1st time I ever did this, I did NOT wear gloves but I did wear
contact lenses.  I got finished prepping the peppas…and my hands
LIT up on fire…then my contacts needed to be removed for bedtime.

right, like I was gonna put those pepper laden burning fingers into
my eyeballs….Ha Ha Ha.  

I decided to take a trip to the ER and beg for a pair of latex gloves.
Well they gave me a pair and I put them on and removed my contacts
Then my hands decided to be sensitive to the latex and they broke out
in a fun little burning itchy rash…irritated by the pepper juice…

Please learn from my mistakes and wear PPE to do this task!
Title: Re: Making pickles
Post by: ryang on May 02, 2011, 09:08:58 am
I make a lot of pickled items including cucumbers, beans, carrots, okra, etc.

I would encourage you to try adding a tablespoon of smoked sweet paprika to a mason jar of whatever.  Fantastic.  I've done it with cukes, beans, and okra, and it is great.  I also add cayenne, so it's a nice spicy/smokey crunch.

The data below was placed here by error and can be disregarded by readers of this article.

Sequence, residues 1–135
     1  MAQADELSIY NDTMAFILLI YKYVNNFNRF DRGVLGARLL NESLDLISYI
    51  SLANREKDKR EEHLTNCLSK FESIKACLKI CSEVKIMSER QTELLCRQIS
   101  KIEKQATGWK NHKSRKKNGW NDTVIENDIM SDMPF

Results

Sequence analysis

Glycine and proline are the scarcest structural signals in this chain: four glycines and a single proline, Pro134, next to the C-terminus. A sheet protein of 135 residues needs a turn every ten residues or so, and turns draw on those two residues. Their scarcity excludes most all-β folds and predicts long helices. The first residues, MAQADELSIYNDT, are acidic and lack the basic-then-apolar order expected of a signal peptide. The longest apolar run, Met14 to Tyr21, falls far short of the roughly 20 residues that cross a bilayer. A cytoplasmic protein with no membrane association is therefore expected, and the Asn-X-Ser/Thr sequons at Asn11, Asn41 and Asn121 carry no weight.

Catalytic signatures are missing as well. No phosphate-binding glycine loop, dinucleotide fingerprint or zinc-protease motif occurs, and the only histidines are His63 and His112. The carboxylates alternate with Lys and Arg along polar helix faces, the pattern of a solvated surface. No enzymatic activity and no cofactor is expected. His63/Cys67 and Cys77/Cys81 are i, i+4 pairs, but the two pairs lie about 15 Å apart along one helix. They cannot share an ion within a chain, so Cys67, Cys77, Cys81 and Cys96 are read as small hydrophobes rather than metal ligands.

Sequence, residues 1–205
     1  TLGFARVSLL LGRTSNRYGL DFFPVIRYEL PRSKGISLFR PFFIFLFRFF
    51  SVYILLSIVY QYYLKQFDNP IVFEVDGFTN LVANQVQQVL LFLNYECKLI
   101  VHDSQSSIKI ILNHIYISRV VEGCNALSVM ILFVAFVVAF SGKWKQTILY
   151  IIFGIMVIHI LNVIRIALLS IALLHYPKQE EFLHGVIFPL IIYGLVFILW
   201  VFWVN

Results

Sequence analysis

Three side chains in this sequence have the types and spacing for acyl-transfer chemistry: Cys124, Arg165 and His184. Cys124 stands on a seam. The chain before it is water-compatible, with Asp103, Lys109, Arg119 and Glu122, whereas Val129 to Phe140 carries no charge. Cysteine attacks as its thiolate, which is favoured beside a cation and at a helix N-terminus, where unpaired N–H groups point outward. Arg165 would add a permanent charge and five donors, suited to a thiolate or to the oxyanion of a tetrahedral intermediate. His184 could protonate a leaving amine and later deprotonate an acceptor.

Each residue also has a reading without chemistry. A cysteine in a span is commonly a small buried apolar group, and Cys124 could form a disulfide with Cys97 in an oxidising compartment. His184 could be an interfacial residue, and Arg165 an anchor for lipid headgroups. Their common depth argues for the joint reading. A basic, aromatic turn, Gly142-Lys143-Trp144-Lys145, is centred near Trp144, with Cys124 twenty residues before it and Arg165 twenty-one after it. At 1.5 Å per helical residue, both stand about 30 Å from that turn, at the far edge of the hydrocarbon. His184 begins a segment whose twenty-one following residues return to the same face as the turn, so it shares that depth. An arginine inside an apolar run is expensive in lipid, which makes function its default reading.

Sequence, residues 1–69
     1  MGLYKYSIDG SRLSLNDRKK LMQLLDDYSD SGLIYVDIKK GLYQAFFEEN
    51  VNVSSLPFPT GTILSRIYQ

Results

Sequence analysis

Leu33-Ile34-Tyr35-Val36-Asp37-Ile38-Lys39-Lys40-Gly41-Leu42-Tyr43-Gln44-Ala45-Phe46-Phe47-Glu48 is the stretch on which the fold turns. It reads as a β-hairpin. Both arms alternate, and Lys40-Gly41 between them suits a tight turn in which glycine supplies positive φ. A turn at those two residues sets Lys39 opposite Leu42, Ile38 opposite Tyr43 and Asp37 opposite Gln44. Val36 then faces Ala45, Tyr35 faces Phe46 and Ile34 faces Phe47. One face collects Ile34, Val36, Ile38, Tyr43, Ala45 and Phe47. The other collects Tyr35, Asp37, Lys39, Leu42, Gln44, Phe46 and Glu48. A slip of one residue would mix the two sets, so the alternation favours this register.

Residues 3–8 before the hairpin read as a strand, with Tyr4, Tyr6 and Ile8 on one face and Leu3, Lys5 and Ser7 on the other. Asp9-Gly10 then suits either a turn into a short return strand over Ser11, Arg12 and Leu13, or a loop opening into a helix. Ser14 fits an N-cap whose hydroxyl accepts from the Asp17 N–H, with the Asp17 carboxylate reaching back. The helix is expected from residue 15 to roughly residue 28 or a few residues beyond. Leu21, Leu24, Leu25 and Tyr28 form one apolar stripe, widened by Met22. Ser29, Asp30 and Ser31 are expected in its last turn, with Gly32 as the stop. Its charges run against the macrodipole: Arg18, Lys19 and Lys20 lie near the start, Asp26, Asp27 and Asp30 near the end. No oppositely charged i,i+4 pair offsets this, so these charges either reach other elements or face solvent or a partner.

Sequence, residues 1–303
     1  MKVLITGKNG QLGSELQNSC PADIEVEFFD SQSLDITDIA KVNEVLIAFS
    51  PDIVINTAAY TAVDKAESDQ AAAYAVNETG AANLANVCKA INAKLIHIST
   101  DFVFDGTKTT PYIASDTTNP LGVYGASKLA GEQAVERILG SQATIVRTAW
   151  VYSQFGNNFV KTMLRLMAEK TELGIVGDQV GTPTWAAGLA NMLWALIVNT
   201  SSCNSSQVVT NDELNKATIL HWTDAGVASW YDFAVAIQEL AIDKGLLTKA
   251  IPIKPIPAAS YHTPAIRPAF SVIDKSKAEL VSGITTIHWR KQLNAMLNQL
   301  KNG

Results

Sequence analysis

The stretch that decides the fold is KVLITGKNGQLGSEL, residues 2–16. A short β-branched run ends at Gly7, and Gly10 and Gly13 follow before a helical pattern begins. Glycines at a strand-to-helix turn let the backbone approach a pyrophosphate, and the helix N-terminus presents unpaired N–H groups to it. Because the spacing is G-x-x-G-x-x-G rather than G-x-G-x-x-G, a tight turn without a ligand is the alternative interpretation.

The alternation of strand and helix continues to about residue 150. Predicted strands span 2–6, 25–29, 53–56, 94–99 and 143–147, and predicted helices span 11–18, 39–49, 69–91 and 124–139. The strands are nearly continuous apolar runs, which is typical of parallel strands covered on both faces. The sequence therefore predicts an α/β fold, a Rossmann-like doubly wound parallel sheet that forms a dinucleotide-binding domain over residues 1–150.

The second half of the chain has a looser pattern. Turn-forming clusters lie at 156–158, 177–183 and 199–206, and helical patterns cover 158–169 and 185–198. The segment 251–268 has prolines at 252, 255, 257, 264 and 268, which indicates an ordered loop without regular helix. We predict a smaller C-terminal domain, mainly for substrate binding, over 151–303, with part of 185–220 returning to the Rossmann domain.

Title: Re: Making pickles
Post by: phillamb168 on May 02, 2011, 09:32:28 am
How about a quick rundown on the process and a few simple recipes for those of us that would like to try making pickles?  I'd like to try it but I've never seen how its done and never looked it up online before... I don't want to start another hobby but making a small batch of pickles sounds good... maybe a 5 gallon bucket size batch?   :-\

If I can remember I'll crack open the Ball guide to Canning tonight and post a few recipes.
Title: Re: Making pickles
Post by: 1vertical on May 02, 2011, 09:42:12 am
How about a quick rundown on the process and a few simple recipes for those of us that would like to try making pickles?  I'd like to try it but I've never seen how its done and never looked it up online before... I don't want to start another hobby but making a small batch of pickles sounds good... maybe a 5 gallon bucket size batch?   :-\

If I can remember I'll crack open the Ball guide to Canning tonight and post a few recipes.
Your local County Extension office will have all the necessary information on hand and they may even
check your pressure canning equipment for free.....it is a food safety thing for sure...take no short cuts.
Also the USDA will have charts for time and temperature specific guidelines FOR YOUR ELEVATION!
Title: Re: Making pickles
Post by: narcout on May 02, 2011, 09:57:54 am
The refrigerator kind are really easy, and don't require any pressure canning equipment.